It has been ten years since the launch of the Millennium Development Goals, and while the international community has made progress in some areas, certain goals, in particular those focusing on universal primary education and eliminating gender disparity, need additional support.
For those who have had access to education all their lives, it can be shocking to learn that a young girl’s education is cut short because she is needed at home for chores, or doesn’t have access to toilets during adolescence, or is being married off as a child bride. Yet these are some of the reasons that deprive young girls from reaching their full potential.
World Bank studies show that educating girls is the most cost effective way of spurring development. When educated girls become mothers, they emphasize education for their children, creating a cycle of growth and development in communities. And when educated women go on to have jobs and careers, they re-invest 90% of their income in their families.
One organization addressing girl’s education is the United Nations Foundation. Last year the organization launched the "Girl Up" campaign to raise awareness of the needs of adolescent girls around the world. The campaign is for girls, by girls, and connects girls in the US with their peers around the world.
"This 'for girls, by girls' campaign will mobilize American girls to raise funds and awareness for United Nations programs that support the millions of adolescent girls growing up in developing countries," said Kimberly Perry, director of the campaign.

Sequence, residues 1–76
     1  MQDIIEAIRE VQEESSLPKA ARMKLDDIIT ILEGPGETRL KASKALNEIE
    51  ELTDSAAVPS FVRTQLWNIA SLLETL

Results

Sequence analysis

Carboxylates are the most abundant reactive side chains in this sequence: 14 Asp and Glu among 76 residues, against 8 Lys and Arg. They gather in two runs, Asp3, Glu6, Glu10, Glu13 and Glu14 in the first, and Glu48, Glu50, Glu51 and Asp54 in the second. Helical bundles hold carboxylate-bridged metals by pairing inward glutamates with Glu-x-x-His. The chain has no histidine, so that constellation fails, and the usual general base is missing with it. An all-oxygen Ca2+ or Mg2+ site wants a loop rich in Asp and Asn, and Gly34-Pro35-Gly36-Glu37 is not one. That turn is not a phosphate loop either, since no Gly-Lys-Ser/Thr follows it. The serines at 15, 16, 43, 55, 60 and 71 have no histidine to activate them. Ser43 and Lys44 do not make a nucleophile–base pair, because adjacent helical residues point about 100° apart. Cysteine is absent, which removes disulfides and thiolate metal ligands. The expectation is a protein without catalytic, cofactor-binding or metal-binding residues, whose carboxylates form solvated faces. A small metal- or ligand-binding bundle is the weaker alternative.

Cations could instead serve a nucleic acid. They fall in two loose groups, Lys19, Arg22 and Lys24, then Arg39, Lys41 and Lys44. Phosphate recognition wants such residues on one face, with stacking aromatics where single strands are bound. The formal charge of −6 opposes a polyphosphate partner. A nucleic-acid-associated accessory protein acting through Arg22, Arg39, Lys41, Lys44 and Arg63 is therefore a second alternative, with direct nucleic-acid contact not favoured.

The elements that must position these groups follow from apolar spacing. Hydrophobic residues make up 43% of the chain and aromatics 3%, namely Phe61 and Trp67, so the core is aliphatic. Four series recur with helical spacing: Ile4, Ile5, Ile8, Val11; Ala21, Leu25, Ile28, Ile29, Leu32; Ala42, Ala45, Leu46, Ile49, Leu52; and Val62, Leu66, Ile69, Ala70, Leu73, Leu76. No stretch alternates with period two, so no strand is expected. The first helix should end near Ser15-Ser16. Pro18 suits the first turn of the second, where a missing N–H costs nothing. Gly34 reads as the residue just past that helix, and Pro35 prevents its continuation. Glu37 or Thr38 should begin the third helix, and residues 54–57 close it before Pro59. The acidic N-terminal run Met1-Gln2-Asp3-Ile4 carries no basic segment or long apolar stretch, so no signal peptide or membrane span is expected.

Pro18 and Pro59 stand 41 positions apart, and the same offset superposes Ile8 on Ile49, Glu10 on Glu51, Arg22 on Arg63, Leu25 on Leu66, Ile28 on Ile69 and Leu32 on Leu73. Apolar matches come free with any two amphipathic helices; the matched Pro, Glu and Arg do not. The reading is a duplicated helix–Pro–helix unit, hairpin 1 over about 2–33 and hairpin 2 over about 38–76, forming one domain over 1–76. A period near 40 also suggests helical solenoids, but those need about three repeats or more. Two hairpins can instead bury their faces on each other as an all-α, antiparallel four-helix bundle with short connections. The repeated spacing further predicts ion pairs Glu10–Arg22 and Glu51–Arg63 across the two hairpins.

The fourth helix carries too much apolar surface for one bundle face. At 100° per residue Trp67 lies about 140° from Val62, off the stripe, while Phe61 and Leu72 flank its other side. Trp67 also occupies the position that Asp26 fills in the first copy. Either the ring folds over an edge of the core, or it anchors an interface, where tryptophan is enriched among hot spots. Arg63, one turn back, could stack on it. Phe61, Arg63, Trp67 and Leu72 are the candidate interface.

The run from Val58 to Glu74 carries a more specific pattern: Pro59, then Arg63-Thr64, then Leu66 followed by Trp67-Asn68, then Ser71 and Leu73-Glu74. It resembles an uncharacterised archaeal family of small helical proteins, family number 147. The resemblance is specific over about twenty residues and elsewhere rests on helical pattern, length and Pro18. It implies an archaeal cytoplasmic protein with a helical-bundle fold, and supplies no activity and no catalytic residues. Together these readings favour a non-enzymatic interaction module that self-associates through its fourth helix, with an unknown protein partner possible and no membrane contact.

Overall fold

The campaign will work closely with the United Nations Entity for Gender Equality, United Nations Children’s Fund, World Health Organization, UN Educational, Scientific and Cultural Organization, and the United Nations Population Fund, to target the world’s hardest-to-reach girls. Its goals are to provide opportunities for girls to go to school, see a doctor, have access to clean water, and stay safe from violence.
Also supporting the initiative are its five founding partners: the Women’s National Basketball Association (WNBA), Ivanka Trump Fine Jewelry, the National Coalition of Girls’ Schools, Camp Fire USA, Girls Inc., and the NGO known as 10X10: Educate Girls. Change the World.
In addition, the campaign has enlisted "Advocates" and "Girl Up Champions" which include such personalities as Her Majesty Queen Rania Al Abdullah of Jordan, Dr. Lisa Masterson, Victoria Justice, Ivanka Trump, Rebecca Soni, and Crystal Bowersox.
For additional information on the campaign, and to learn how to give a "high five" for girls, please go to the Girl Up website.
The "Girl Up" campaign is featured in the 14 February edition of Time Magazine.